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Thread: Picture time again?

  1. #17
    Flip_Side_the_Pint's Avatar
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    wow that N. jac almost makes want to get into highlanders.... opps did I type tha out loud [img]http://www.**********.com/iB_html/non-cgi/emoticons/new/smile_k_ani_32.gif[/img]
    https://www.instagram.com/hull.jess/ (I post pics of my plants there)

  2. #18

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    United Kingdom (Bristol, England) I am orriginnally from Mostar, Bosnia(one of the countries of former yugoslavia)
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    Quote Originally Posted by [b
    Quote[/b] (lithopsman @ Aug. 16 2004,2:53)]Windowsill is a little sloppy conditions wise. They need a bigger temperature drop to make consistent pitchers. At least from my experiance that is the case... Plus humidity needs to be ~70%, but not with constant mist, more like being out in Devon in the early morning (good comparison, eh Dino? [img]http://www.**********.com/iB_html/non-cgi/emoticons/new/smile_m_32.gif[/img] ) Cool and humid, but not soppy. Fog tends to be ok. Maybe search for jacquelineae in the Nep forum, I know there have been two topics I submitted a lot of information to. [img]http://www.**********.com/iB_html/non-cgi/emoticons/new/smile.gif[/img]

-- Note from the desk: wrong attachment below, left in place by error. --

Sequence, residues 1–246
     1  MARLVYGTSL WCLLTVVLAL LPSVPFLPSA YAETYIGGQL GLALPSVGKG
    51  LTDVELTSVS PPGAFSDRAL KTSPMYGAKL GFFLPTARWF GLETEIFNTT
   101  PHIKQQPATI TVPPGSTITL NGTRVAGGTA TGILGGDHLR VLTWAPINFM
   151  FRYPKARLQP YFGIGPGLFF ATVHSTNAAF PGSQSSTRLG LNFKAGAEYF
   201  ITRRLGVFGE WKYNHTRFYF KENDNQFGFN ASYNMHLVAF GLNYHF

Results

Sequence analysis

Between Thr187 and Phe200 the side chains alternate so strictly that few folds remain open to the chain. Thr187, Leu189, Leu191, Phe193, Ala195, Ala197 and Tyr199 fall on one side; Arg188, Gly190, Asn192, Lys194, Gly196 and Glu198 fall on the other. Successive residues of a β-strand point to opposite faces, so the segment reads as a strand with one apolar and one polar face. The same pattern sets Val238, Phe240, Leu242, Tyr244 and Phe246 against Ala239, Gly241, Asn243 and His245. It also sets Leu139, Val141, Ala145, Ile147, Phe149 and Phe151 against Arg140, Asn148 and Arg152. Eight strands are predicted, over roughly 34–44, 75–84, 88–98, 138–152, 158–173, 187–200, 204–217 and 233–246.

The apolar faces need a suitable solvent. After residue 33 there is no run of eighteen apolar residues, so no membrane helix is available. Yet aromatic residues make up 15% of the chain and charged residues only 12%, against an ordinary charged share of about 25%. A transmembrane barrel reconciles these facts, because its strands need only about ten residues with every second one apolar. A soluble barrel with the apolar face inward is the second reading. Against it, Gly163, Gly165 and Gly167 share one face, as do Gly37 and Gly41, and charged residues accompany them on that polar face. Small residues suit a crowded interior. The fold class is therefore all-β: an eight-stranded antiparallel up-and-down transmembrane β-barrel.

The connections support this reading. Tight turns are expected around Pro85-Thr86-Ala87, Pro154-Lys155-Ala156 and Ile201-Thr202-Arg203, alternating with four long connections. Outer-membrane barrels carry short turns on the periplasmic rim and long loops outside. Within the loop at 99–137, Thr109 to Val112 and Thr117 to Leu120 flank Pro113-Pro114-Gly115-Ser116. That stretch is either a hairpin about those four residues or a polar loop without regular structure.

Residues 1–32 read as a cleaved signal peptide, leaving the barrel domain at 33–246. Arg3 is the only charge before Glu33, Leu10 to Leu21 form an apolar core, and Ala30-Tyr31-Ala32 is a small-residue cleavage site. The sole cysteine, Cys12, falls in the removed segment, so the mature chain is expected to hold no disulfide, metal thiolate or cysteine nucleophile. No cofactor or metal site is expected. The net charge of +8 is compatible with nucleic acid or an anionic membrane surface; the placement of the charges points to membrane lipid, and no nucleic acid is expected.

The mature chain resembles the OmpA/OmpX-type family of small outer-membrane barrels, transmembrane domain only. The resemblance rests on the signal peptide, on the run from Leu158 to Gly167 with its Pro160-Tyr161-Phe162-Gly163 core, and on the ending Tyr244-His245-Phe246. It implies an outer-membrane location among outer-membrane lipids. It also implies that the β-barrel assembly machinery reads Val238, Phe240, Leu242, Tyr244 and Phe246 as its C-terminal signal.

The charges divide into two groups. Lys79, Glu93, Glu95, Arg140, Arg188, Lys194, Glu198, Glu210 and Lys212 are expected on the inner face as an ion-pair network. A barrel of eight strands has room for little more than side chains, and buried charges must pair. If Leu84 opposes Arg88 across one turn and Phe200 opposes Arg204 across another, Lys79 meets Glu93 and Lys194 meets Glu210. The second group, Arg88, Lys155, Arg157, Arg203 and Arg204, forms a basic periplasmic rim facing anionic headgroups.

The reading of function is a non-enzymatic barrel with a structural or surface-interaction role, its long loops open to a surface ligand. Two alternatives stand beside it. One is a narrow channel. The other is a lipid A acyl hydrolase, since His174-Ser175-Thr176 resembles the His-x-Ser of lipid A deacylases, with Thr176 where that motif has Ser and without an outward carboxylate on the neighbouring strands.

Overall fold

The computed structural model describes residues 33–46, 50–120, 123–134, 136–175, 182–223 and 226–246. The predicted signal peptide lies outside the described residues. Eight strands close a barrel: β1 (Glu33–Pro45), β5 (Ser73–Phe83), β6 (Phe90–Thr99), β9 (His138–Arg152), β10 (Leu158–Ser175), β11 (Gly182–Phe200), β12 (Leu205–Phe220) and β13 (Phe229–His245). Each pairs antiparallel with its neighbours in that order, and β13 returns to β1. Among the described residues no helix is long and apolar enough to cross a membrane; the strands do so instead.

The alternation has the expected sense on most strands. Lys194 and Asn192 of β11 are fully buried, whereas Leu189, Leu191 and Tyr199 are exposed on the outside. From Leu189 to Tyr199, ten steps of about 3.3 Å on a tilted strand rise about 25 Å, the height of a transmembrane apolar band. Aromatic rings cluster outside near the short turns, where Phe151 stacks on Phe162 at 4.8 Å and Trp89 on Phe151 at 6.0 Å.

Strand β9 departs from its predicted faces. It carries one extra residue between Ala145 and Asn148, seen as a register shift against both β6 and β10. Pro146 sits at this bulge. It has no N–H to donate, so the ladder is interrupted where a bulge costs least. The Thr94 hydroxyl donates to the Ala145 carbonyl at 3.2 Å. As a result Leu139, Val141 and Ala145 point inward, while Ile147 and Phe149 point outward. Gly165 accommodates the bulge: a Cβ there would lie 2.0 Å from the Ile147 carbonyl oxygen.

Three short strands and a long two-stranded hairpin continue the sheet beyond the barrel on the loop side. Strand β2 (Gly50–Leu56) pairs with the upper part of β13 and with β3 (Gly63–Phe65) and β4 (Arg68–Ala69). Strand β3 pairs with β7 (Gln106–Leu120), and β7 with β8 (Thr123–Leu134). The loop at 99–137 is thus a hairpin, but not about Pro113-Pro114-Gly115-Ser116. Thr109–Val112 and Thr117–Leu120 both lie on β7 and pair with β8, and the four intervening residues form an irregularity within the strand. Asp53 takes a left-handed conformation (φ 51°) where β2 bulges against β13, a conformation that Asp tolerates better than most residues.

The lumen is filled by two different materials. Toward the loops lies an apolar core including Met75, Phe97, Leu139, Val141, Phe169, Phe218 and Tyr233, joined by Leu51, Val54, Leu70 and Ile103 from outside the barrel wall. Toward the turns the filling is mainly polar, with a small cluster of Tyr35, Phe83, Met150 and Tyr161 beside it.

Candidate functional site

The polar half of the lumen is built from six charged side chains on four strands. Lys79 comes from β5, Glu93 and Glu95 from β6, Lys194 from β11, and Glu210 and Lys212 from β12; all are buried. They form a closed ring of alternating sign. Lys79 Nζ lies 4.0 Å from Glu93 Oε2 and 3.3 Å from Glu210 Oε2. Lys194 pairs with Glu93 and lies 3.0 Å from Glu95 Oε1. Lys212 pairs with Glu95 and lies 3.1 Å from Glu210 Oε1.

Thanks! [img]http://www.**********.com/iB_html/non-cgi/emoticons/new/smile_m_32.gif[/img] I grow N.maxima and N.venatrata(N.ventricosa x alata) on my windowsill. [img]http://www.**********.com/iB_html/non-cgi/emoticons/new/smile.gif[/img] And I grow H.heterodoxa x minor on my windowsill, surprisingly, the plant loves my windowsill!!! [img]http://www.**********.com/iB_html/non-cgi/emoticons/new/smile_k_ani_32.gif[/img] Usually the temperatures drop between 10-15 Celcious(when I said 6oC I meant celcious)
    10 Celcious is around 45 Fahrenheit. [img]http://www.**********.com/iB_html/non-cgi/emoticons/new/smile_m_32.gif[/img] 6 Celcious is around 38 Fahrenheit.

    Um, mom bought me a hanging pot, the plan is to buy a plant, put it in the hanging pot and hang it on my curtain pole. [img]http://www.**********.com/iB_html/non-cgi/emoticons/new/smile_m_32.gif[/img]